I believe that there are many remnants of that past which have survived in our modern fashion and art. We are always mining the past anyway. Jewellery continues to be made from feathers. We have buttons out of bones; items made from ivory remain popular, never mind the continuing desire for furs. These are exotic items, which will continue to attract people. Unfortunately, such materials have become commodities around the world, and attract people who know no ethical boundaries. But historical materials and traditional African cultures still have much to offer us. Their masks and jewellery are works of great handicraft. They are both rugged and highly distinctive.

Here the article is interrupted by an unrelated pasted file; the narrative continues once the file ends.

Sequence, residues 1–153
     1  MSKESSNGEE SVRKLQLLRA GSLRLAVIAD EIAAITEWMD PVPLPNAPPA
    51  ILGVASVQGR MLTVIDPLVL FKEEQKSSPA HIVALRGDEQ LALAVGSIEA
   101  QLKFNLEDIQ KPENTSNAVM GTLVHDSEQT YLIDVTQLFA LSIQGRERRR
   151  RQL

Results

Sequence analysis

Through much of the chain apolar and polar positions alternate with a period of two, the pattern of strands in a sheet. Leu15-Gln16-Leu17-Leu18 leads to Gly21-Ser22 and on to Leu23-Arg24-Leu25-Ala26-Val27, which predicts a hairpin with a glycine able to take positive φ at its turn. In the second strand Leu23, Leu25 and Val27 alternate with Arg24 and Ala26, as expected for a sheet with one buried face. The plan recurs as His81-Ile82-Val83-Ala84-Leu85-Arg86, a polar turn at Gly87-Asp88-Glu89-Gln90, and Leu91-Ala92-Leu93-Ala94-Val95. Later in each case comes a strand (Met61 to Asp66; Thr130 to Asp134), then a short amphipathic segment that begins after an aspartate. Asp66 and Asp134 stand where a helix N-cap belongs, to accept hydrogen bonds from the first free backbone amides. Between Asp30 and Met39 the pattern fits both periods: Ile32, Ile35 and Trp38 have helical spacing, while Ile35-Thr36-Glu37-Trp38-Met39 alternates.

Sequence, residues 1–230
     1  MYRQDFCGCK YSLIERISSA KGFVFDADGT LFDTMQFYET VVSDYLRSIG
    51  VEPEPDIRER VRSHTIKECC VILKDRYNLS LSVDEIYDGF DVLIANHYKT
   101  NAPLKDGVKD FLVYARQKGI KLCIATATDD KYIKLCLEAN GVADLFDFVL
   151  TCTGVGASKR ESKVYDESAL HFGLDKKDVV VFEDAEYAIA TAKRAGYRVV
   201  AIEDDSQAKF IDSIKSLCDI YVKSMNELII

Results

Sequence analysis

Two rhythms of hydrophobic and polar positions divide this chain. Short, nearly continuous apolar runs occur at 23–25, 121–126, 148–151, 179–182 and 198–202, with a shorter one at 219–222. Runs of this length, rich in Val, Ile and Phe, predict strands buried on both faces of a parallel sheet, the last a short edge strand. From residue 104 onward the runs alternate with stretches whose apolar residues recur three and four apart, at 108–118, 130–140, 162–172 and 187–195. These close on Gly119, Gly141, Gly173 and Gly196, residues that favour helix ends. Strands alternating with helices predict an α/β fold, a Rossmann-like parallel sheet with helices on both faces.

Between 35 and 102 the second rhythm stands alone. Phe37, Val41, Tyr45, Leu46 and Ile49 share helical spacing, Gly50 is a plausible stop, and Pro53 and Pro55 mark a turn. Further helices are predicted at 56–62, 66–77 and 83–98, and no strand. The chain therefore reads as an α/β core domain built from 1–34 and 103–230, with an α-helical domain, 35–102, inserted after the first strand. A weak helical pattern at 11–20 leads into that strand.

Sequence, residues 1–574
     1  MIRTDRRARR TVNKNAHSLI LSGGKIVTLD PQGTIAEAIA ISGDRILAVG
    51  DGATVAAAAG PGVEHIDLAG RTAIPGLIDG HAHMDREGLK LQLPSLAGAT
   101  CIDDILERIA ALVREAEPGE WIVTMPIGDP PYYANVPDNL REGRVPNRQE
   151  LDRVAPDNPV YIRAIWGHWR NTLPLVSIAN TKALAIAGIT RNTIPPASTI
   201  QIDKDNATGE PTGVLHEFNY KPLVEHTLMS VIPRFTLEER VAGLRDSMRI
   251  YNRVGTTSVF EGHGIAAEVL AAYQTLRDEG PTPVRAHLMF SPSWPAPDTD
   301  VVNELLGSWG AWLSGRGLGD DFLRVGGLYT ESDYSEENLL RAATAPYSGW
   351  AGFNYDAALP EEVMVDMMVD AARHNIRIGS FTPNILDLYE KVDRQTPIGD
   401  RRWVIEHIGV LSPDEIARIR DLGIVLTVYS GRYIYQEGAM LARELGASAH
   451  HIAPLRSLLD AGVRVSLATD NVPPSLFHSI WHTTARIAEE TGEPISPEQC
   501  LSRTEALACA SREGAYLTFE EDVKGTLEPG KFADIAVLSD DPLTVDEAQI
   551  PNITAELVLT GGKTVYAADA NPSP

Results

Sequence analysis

An item of jewellery from the “Little Touch of Africa” collection
Art exists both for its own sake, but also as a consumer commodity, be that as an investment, or just for simple “usage”, or consumption. The latter characterisation has numerous connotations, most not particularly positive. So what should those experiencing art as “users” want or expect from this medium so as to not simply engage in an act of consumption?
Certainly originality and distinctiveness. A true piece of art is a one-of-a-kind.
In an interview with the Czech news publication Echo24 (no.39, September 2017) Milan Knížák, the graphic artist, performer and former head of the National Gallery in Prague, stated: “There is too much art, and there are too many artists. Artists are trying to make themselves visible, but they can’t find success because they know in advance that everything is already possible.” Do you think that Milan Knížák is right? Is everything possible in art? And is everything really known in advance?